The insurance model for providing health care has always been problematic, afflicted with basic incentives problems. Because the consumer of medical services, prescription drugs, tests, and devices is not the payer, he has powerful incentives to over-consume these goods and services, insulated from ordinary concerns about price. Quite rationally, the consumer seeks to get as much as he can out of his premium payments. Obamacare has aggravated this old problem by preventing insurance from fulfilling its defining role of protecting the policyholder from events that may not ever come to pass and pricing risk using all available information. Health insurance has become something very different, entitling its beneficiary to an almost unlimited menu of services, now in a market that tells insurers they cannot consider an applicant’s health status. Each additional layer of rules further attenuates the price signal, thereby scrambling or obscuring the important information it contains.
For genuinely making health care more affordable, which assumedly implies a serious reduction in health care costs, one could hardly imagine a worse system, one more ill-fitted to its stated goal. The goal of affordable health care is not something that can be brought about by fiat, wished into existence by politicians eager to prove to voters that they took action—some action, however incoherent. Politicians have a knack for neglecting to consider even the faintest possibility that their pet legislative endeavors might have unintended consequences, sure of their ability to alter basic laws of economics and human action. One need not account for incentives in an imagined world where the state is not a mere group of individuals, but a worker of miracles.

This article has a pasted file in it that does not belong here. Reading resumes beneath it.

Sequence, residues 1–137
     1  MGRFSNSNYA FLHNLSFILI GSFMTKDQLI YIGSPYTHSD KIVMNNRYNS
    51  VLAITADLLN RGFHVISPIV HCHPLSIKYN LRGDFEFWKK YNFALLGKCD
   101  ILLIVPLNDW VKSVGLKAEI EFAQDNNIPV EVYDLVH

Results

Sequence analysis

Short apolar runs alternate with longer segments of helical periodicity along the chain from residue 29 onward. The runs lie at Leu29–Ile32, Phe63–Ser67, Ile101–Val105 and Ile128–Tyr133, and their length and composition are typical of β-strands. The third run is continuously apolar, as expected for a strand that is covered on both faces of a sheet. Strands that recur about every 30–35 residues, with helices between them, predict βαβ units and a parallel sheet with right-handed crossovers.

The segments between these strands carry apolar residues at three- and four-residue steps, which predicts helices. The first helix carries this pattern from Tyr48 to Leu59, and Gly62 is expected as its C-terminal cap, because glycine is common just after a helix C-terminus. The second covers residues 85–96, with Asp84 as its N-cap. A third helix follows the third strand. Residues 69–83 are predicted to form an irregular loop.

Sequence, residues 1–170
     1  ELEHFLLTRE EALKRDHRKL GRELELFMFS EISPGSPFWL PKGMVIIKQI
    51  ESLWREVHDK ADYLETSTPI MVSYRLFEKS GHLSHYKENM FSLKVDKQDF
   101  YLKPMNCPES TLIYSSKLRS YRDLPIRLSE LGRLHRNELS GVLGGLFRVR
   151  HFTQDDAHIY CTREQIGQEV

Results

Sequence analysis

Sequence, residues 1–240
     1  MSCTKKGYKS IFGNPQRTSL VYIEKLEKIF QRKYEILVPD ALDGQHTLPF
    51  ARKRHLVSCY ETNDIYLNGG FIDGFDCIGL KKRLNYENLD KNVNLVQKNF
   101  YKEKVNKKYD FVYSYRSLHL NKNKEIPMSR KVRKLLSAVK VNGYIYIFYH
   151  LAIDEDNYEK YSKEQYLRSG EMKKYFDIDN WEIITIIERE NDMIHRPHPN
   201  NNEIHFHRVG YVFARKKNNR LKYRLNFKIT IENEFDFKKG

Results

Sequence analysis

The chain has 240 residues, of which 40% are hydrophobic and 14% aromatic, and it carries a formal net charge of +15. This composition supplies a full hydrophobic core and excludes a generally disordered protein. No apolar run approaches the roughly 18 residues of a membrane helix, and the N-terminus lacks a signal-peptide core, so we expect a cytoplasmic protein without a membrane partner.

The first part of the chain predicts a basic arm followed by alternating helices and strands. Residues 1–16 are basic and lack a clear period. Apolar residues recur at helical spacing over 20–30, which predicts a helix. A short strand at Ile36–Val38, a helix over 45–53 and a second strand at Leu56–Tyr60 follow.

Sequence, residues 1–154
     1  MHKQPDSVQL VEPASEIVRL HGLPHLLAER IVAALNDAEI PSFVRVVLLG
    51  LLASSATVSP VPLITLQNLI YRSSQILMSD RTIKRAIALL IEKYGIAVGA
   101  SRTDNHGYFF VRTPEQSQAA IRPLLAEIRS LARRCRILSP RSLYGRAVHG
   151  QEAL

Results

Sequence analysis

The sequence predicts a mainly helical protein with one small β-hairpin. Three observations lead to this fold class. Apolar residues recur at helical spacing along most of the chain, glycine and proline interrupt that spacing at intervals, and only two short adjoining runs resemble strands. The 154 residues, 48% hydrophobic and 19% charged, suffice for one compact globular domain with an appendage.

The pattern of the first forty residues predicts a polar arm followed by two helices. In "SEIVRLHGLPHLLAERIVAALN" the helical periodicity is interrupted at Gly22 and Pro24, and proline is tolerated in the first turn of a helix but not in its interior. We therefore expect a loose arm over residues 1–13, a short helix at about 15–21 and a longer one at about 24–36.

The disastrous failure of the Affordable Care Act to perform as its proponents expected is damning to anti-competitive market intervention and manipulation in general. Only a free market in which providers actively compete on quality and price can pull the U.S. health care system out of the status quo’s fetid morass of monopoly. This means allowing competition across state (and even national) lines, encouraging experimentation, and scrapping outmoded regulations based on mistaken economic assumptions. The truest populist challenge to the state-corporate nexus of politicians and special interests is the free market. It’s time we gave it a try.
[Originally Published at RealClearHealth]